Deletions of chromosome fragments bearing essential genes via SCRaMbLE could lead to loss of viable cells in haploid strains, thus restricting the extent of deletable chromosome contents and potentially decreasing the genomic diversity post-SCRaMbLE. This issue could be addressed in the diploid background, allowing the synthetic chromosomes to undergo rearrangements while essential genes in native alleles remain unaffected. A recent study showed heterozygous diploid strains are more tolerant to genome rearrangements by SCRaMbLE compared to haploid strains13. To better understand the effect of genome ploidy on deletion capability via SCRaMbLE, we compared the loss of chromosome content on the target synthetic chromosome using 60 haploid strain and another corresponding 60 heterozygous diploid strains, subjected to the same GCE-SCRaMbLE induction. In general, the number of strains with deletion and the degree of chromosome loss was significantly higher in the diploid background (Fig. 4a and Supplementary Fig. 4). For diploid strains, we found 19 strains showing reduced contents in the ring_synII with the lowest chromosome retention rate at 13.95%. In contrast, deletion events on the circular synII were observed in only 13 haploid strains, with the chromosome retention rate higher than 98%. Similarly, we found 26 diploid cells have chromosome content loss (chromosome retention rate ranging from 29.37–99.96%) in linear synII after GCE-SCRaMbLE induction, while only 11 haploid cells with minimal loss of synII content less than 1% were observed.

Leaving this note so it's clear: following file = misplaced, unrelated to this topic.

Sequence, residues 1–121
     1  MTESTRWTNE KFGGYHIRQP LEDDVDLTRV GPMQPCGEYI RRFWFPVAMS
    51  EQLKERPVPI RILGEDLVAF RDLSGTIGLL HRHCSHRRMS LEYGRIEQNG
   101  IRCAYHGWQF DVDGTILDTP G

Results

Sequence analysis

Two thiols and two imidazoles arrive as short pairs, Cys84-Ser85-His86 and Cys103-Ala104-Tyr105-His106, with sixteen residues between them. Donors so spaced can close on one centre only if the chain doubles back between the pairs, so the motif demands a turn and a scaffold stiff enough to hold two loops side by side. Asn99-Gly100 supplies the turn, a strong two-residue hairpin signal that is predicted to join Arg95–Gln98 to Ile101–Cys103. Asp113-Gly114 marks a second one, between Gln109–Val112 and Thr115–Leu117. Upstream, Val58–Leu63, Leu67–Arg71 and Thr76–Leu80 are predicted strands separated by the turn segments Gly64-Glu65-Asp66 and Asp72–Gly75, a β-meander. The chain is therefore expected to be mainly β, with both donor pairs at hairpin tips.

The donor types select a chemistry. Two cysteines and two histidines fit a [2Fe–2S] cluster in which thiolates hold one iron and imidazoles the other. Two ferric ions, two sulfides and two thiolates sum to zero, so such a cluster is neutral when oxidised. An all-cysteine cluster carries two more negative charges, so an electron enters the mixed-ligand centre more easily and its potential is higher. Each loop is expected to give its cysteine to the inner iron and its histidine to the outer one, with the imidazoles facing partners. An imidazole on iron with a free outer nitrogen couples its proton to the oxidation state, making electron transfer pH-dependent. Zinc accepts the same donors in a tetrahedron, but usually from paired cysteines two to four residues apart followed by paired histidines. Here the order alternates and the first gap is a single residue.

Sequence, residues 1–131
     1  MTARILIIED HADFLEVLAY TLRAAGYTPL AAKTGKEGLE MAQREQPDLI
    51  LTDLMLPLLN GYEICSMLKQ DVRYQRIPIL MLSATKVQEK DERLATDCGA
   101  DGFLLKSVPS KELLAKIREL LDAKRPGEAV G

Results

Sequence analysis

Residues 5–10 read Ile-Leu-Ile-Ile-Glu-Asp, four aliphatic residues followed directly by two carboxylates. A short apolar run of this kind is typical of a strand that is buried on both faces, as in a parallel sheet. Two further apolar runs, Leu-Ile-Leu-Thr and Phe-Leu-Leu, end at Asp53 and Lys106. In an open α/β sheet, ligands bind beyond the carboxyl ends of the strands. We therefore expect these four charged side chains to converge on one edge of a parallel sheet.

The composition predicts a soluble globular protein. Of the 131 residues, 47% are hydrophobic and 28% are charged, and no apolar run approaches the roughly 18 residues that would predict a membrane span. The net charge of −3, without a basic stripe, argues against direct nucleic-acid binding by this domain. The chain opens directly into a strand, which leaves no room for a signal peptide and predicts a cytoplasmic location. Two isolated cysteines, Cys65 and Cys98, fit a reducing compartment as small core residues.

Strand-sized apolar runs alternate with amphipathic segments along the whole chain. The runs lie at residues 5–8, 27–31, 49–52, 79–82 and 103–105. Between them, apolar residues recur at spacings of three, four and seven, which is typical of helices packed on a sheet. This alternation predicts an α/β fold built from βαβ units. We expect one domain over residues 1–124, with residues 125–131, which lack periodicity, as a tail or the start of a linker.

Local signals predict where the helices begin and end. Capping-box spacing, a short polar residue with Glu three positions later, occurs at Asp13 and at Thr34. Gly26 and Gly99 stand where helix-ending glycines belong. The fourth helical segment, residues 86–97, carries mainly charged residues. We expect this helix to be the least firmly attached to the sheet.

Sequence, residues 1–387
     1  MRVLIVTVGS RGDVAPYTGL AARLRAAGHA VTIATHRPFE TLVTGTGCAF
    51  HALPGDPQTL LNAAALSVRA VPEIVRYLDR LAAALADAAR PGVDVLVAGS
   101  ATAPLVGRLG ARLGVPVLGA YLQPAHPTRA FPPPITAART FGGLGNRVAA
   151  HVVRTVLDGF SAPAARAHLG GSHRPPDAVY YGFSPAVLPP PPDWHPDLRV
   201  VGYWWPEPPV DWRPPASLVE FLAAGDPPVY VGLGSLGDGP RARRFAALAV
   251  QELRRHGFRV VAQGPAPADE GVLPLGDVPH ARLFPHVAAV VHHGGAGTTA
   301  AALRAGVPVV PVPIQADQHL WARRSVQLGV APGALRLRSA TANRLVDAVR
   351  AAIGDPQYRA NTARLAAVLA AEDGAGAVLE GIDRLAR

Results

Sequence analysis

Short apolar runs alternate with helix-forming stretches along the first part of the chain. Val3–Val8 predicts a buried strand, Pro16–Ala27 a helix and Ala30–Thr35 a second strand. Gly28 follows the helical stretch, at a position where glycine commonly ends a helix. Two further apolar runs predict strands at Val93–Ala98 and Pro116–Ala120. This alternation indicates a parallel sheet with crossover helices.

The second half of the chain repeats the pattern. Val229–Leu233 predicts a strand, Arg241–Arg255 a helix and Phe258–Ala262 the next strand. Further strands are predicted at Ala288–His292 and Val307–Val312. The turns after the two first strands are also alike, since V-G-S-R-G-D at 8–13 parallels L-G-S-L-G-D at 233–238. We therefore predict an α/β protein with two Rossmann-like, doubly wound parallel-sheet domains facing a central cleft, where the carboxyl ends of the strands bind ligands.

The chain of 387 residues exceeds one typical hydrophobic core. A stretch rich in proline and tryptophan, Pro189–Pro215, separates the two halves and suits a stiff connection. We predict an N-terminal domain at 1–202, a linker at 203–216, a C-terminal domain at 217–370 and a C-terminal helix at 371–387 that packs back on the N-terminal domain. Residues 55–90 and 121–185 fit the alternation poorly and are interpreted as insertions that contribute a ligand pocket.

To further characterize the genomic diversity between haploid and diploid SCRaMbLEd strains, we generated a rearrangement landscape by mapping recombination loci to their corresponding loxPsym sites. We observed two notable effects of ploidy on the SCRaMbLE outcomes. First, the SCRaMbLE rearrangement frequency on the target chromosome synII was significantly higher across the entire chromosome in diploid strains than in haploid counterparts (Fig. 4b). The SCRaMbLE frequency for different regions of synII ranged from 7.92–17.08% in diploid strains, whilst in haploid strain the average frequency of synII is as low as 1.11%. In addition, we noticed a significant difference in the proportion of distinct events between haploid and diploid cells (Fig. 4b). As the symmetry of loxPsym sites allows recombination in either orientation, deletions and inversions were observed with approximately equal frequency in diploid strains as expected. In contrast, the deletion event represented the smallest proportion of rearrangement types in haploid cells; and these deletion events were scattered sparsely through the synII, which could be explained by the distribution of essential genes on synII (Fig. 4b). Taken together, our findings highlight that ploidy has a significant impact on the type, diversity and proportion of SCRaMbLE-mediated rearrangement events.